The year was 1851. A still, silent night blanketed the Harvard Campus in Boston, Massachusetts. Dew beaded the spacious, lush grounds. Night birds sang and crickets chirped. Most students and faculty were sound asleep in their cozy dormitories.
Suddenly…. KABOOM. An earth-shattering roar split the air. Students rolled out of their beds. Some stray dogs barked and windows rattled. In the Cambridge arsenal on campus, smoke rose from a cannon that hadn’t been fired since the War of 1812.
And that was how a scrawny, ornery student named Francis Channing Barlow entered the national arena with a bang. Meant as a harmless prank, the cannon incident drew the ire of many a Harvard authority figure. However, Barlow was well-known for pranks. He once arrived at a writing and debate meeting adorned with brightly-colored plumes and curtains. He caused the biggest uproar of all when he graduated first in his Harvard Class of 1855.
Call Me. Be Mine. True Love. Kiss Me.
Don’t get any ideas, I’m not flirting with you. These are just common sayings found on everybody’s favorite valentine candy. Except… well, they’re not quite everyone’s favorite, but they are one of my favorites. Sure, it’s unclear what they’re really made of, and I get massive heartburn when I eat them, but that doesn’t always stop me when it comes to certain things. Things like Valentine Conversation Hearts. Although plenty of people hate them, I definitely fall in camp L-O-V-E when it comes to those chalky little hearts.
Back when I was single, they always boosted my spirits around Valentine’s Day. Not only because they are delicious, but also because they are perfect little projectiles to whip at those oh-so-happy couples (I NEVER did that…). They come with a real sense of nostalgia too, because they’ve been around forever. I really do mean forever. These hearts actually originated in the oldest candy company in America. So old that I can finally talk about the Civil War during one of these confectionary posts.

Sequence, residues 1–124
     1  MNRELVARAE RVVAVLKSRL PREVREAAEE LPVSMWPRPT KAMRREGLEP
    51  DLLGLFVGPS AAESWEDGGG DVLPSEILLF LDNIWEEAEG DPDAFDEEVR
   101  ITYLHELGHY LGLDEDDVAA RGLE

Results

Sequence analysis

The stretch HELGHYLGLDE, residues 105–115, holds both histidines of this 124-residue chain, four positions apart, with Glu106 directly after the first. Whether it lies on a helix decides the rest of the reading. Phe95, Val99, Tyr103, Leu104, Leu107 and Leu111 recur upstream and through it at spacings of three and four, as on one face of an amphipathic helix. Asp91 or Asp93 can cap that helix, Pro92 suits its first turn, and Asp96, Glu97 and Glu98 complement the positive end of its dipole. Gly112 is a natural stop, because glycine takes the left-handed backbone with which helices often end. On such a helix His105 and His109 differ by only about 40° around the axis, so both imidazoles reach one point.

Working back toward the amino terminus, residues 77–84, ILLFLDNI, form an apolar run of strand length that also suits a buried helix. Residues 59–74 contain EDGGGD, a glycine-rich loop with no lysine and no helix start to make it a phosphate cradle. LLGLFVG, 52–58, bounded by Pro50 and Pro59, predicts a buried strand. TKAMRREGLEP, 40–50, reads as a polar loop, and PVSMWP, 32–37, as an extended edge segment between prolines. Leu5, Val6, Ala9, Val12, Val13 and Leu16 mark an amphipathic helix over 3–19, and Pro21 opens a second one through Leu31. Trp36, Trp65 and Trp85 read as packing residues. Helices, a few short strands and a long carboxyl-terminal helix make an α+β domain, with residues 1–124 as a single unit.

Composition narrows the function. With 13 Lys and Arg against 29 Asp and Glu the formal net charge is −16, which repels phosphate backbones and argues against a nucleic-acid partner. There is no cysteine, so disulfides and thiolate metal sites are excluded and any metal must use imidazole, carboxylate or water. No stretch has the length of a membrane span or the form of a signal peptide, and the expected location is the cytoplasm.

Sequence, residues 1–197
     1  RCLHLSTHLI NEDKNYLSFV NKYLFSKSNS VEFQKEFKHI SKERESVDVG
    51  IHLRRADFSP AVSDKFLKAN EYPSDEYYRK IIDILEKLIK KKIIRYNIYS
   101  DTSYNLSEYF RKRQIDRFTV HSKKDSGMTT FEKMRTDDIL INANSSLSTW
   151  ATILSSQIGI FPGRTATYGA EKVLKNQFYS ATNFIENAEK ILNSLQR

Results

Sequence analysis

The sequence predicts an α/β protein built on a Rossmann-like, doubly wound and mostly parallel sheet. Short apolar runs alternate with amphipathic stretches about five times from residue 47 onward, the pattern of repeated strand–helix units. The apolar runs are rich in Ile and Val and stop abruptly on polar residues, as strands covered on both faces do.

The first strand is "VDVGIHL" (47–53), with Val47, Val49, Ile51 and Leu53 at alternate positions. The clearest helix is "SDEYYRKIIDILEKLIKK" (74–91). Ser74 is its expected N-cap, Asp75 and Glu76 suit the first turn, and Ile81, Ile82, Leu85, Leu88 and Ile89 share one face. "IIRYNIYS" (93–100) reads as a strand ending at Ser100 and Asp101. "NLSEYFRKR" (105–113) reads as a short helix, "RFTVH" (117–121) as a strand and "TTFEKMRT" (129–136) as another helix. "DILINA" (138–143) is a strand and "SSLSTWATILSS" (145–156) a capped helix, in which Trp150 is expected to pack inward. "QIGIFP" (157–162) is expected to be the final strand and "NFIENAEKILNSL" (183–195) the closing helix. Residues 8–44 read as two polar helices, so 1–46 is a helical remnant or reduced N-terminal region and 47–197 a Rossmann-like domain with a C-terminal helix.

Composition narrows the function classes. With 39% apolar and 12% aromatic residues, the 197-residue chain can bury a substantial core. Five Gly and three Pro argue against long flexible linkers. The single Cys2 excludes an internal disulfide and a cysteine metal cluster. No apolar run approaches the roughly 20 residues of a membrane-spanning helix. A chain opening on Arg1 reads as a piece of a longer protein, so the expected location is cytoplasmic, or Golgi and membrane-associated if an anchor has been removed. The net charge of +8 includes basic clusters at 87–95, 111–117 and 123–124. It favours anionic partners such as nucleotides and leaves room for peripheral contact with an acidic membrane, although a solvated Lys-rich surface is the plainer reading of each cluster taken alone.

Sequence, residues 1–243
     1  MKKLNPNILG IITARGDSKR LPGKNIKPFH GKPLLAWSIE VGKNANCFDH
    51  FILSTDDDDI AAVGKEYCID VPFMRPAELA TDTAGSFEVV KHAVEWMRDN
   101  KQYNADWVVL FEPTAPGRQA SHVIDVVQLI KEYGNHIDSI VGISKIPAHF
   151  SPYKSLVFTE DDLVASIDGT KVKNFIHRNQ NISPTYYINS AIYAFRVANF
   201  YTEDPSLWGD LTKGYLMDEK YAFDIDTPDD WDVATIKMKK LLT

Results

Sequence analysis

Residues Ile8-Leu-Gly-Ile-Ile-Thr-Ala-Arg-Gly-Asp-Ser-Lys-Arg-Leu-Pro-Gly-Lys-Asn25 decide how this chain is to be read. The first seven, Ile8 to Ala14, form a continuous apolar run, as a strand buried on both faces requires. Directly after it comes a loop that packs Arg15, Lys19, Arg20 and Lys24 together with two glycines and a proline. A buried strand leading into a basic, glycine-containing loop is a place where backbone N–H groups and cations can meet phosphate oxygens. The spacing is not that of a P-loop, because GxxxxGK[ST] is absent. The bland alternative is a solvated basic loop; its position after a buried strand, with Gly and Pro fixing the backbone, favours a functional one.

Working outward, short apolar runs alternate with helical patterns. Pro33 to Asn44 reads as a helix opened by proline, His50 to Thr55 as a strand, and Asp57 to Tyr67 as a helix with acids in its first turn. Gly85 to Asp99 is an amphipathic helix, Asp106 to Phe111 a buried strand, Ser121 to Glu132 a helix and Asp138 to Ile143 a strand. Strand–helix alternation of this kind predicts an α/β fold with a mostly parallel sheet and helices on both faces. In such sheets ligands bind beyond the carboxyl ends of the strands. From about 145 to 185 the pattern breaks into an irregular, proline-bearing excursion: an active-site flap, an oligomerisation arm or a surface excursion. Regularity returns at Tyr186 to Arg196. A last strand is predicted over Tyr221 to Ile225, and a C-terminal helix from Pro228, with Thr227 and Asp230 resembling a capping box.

What’s the coolest anniversary present you’ve ever received? My husband and I do anniversaries a little bit different. We don’t really buy each other gifts. Instead, we pick out something nice for the two of us to enjoy, usually a trip of some kind. Of course, he always sends the obligatory (and gorgeous) flowers. He has also slipped in some very unique trinkets along the way, because he spoils me way more than he should (shhhh – don’t tell him).
Anniversaries can certainly see spouses outdoing each other for gifts, and here is a whale of an anniversary tale (Yow! Pun alert) that I discovered last summer on the Historic Route 66. That road trip was packed to the gills (zing!) with so many quirky stops, one being the Catoosa Blue Whale. It’s exactly like it sounds. In a tiny lake by the side of the road in Catoosa, Oklahoma, there resides a gigantic blue whale. You don’t have to go out of your way to find it either. It sits right off the 66, and that neon blue gentle giant is pretty hard to miss.
Once upon a Holiday season in 1885, some generous folks put up a Christmas tree in a Chicago hospital. As everyone did back then, they illuminated it with lit candles, for the coming of the light or the Christ child, and to make the tree look oh-so-pretty. It must have been dazzling… until a candle fell off the tree and landed on the floor. Since evergreen is quite catchy when it comes to fire (you’ve all seen that Christmas tree fire video right?) the blaze quickly flared out of control. Mass panic ensued as personnel scrambled to evacuate patients, and the building burned to the ground. As the incident gets scant mention on the world wide web, I couldn’t learn of any deaths or serious injuries. Hopefully a Christmas miracle prevented any, but that wasn’t the case with many a Christmas fire back in the day. Fires from Christmas tree candles claimed a lot of unwitting victims and caused serious burns – especially for children. Read More